I will say though, that having compared some beautifully designed websites on a PC and Mac, side by side, the sites are presented exactly the same but for some reason they look better on the Mac - fonts look sharper, crisper and colours more vibrant. But like I said, the presentational layer i.e. the css code behind these sites acts consistently on both platforms (for the sample sites I've looked at)
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Chalky



Joined: 13 Aug 2005
Posts: 135
Location: La Duquesa, Costa del Sol

PostPosted: Mon Oct 03, 2005 6:08 pm    Post subject: Reply with quote

Garri,

Quote:
I rarely visit sites these days which are not built on web standards

I visit sites for their content, not their construction. Clearly, if the content isn't readable then the whole point of the site is lost, but otherwise, who cares how "well" it is constructed?

Some of us cannot justify purchasing expensive software to ensure that their coding is up to "Web Standard" and have to learn by trial and error. Your 'hi-falutin' attitude doesn't offer us much encouragement.
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Chalky

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Alan Knighting



Joined: 18 Oct 2004
Posts: 4170
Location: Monflanquin, Lot-et-Garonne, France

PostPosted: Mon Oct 03, 2005 6:09 pm    Post subject: Reply with quote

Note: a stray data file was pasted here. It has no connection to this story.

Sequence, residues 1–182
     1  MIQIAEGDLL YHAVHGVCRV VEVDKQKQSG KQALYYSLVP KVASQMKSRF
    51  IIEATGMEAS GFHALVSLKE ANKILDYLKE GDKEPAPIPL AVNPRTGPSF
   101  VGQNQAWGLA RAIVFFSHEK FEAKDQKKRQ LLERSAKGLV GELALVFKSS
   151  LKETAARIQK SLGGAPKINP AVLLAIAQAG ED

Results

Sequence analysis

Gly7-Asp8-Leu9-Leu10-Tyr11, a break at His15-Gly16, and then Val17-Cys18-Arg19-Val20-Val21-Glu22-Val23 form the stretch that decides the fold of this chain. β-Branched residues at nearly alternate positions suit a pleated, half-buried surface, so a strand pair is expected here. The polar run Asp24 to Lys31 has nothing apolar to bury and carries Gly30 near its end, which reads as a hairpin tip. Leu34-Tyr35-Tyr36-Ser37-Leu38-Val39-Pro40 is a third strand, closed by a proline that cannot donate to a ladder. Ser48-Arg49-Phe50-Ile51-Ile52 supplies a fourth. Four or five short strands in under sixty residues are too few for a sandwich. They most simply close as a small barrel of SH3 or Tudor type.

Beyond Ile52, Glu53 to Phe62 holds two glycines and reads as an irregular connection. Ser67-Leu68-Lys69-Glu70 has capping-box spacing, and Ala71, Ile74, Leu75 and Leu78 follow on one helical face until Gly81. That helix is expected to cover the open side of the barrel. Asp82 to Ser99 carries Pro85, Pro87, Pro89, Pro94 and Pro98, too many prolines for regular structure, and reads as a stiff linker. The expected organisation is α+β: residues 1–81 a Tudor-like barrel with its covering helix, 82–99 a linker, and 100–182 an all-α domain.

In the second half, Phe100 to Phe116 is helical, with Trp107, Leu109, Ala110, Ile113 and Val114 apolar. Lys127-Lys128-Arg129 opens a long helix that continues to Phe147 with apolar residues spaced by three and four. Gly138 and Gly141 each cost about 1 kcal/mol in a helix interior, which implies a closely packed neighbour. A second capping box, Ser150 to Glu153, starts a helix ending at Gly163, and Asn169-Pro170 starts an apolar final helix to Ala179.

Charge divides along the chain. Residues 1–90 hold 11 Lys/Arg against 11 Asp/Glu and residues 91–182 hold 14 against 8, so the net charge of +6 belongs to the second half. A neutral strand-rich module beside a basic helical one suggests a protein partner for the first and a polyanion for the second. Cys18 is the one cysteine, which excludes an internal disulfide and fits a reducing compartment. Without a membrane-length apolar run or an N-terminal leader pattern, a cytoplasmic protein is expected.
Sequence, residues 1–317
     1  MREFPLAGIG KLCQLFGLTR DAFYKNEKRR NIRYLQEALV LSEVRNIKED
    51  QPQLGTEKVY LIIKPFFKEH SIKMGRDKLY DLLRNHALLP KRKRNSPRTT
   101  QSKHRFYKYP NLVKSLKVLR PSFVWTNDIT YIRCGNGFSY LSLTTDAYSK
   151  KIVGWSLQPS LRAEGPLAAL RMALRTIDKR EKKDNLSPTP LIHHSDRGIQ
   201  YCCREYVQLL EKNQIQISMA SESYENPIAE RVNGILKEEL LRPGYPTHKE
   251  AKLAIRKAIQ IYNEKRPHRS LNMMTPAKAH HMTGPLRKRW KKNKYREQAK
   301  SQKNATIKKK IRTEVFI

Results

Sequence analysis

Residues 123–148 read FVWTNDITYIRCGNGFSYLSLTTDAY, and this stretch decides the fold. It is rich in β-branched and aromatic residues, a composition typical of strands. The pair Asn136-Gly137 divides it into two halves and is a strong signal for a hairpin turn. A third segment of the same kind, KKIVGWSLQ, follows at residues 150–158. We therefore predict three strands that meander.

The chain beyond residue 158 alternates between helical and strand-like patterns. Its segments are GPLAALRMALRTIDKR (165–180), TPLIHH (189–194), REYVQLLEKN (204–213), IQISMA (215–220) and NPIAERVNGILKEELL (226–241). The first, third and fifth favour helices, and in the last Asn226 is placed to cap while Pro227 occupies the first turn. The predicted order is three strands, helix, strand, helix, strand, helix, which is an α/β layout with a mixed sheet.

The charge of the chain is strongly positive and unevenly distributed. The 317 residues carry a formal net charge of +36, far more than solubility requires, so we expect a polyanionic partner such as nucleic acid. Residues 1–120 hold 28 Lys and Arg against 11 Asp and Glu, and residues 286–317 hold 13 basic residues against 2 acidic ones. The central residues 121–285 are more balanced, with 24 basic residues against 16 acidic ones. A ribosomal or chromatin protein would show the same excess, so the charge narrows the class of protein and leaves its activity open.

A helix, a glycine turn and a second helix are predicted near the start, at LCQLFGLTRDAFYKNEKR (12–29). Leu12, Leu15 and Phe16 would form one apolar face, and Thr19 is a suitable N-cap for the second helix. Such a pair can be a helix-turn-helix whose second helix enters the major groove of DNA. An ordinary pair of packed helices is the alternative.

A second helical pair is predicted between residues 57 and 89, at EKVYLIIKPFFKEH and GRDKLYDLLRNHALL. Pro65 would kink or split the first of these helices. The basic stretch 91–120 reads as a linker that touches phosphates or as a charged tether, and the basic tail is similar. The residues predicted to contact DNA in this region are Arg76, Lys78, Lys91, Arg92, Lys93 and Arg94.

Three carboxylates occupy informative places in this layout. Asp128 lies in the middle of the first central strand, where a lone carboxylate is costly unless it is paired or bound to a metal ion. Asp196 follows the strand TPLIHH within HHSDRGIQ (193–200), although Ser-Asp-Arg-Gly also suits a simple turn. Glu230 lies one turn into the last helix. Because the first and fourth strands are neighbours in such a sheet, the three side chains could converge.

Garri,

Do you agree or disagree?

Some people write their code to comply with "Transitional" standards because it's easy and works OK for now. Others write their code to "Strict" standards because it works OK for now and will continue to work in the future.
HTML standards are pretty well set in stone whereas CSS standards are continuously developing.

Browser support is concentrating on "Strict" CSS standards.

Alan
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Garri



Joined: 11 Jul 2005
Posts: 1717

PostPosted: Mon Oct 03, 2005 6:33 pm    Post subject: Reply with quote

Quote:
I visit sites for their content, not their construction.


Bingo! That's exactly the same reason I visit websites, they all seem to be weblogs these days as that's the format where the most up to the minute content seems to be appearing. The fact they are well constructed and behave consistently in most browsers is a bonus.

Do you really think that Firefox can't recognise most css?

Alan, I understand the merits for transitional vs strict, sure. But my problem is with barmy comments such as Firefox can't recognise most css - totally and utterly ludicrous (sorry to be so hi-falutin but I can't tolerate such nonsense)

Btw, one doesn't need any expensive software to ensure your coding is up to web standards. You can use a simple text editor, which is free!
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Alan Knighting



Joined: 18 Oct 2004